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May you find patience enough in yourself to endure, and simplicity enough to believe; that you may acquire more and more confidence in that which is difficult, and your solitude among others. And for the rest, let life happen to you. Believe me: life is right, in any case
— Ranier Rilke

The Growing of a Farmer

I have lived in NYC since the mid 90s. I’ve worked on trading desks with four Bloomberg screens 18 inches from my face and a turret with 15 phone lines ready to blink any second. I’ve waited in lines to get into packed clubs only to wait some more for a drink. I've been sandwiched by other riders on the NYC subway. I've overheard more conversations at restaurants than I care to remember, and I’ve heard neighbors in my various apartment buildings fight, make up and repeat on a nightly basis. I’ve lived a colorful life. A noisy life. A crowded life. And ironically I’ve always felt a little alone.

On the farm, I can smell a flower without needing to get within a half inch of its petals. I can let my thoughts wander without interruption. I can watch the sunset and the land slowly get dark without an offsetting electric light getting brighter. I can eat vegetables sitting cross legged right next to the row of lettuce I picked the leaves from, I can get lost in the deafening silence of solitude, and yet, I never feel more connected.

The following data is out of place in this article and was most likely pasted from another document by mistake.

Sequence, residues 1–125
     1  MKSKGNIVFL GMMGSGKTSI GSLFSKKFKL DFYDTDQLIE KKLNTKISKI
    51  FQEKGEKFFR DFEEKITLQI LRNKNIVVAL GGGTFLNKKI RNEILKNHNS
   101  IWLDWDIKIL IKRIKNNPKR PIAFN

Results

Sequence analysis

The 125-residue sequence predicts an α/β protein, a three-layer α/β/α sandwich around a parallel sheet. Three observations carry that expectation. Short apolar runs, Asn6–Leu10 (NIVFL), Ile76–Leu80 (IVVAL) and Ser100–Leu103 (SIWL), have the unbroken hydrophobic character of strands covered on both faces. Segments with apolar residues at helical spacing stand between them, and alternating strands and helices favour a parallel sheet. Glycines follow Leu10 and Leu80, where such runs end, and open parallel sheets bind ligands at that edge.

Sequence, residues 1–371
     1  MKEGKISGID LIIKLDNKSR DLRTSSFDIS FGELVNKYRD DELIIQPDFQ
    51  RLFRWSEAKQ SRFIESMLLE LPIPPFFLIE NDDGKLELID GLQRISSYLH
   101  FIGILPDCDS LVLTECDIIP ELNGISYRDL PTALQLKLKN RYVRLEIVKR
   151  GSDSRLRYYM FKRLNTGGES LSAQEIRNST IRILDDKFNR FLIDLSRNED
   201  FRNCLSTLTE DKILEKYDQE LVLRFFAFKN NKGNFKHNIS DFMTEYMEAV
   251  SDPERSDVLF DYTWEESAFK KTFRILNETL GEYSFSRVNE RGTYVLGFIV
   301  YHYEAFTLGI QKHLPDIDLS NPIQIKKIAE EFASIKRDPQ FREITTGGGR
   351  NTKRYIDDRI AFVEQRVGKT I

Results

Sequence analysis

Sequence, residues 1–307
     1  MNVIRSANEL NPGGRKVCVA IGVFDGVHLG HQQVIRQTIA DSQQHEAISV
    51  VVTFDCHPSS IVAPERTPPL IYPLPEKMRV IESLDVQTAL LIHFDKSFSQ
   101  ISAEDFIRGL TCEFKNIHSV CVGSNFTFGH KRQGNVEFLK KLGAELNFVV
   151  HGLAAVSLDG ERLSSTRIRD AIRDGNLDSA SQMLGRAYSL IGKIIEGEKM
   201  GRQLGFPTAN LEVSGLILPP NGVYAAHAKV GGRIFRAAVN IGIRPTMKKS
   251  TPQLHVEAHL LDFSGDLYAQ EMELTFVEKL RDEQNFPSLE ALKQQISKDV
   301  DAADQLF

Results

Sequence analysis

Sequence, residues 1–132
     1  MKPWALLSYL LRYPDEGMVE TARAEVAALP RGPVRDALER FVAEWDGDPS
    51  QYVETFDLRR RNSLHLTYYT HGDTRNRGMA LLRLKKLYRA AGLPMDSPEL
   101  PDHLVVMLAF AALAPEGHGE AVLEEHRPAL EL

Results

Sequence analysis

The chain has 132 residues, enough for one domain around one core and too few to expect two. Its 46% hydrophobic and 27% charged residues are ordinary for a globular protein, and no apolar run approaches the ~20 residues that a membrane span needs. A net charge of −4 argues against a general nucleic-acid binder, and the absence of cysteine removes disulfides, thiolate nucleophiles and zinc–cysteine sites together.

This gift of life is never more pronounced to me than when I am outside working hard and watching the genius and magic of Mother Nature do her work. No numerical calculations or algorithms, as sophisticated as we are, can make sense of how things grow and how perfect things are unto themselves.

Organic farming to me is a way to play a small part in this gift. These crops are not mine. They are as much mine as they are yours. I do not own them. The time I put into grow them is mine and I’d like to share that time with you.

I wholeheartedly believe that we as humans need to reconnect to the earth. This isn't a new age hippie manifesto. It’s a logical intellectual request to understand from where your food is coming, to appreciate your body, to appreciate your families and loved ones, to love Mother Nature and to have compassion for your neighbors.

I am not a scientist or a philosopher. I am not an activist. I am just a guy who believes in growing good organic food and hoping that sharing this process will bring you closer to the land. Oddly enough, the closer you get to the soil, the more the skies will open for you.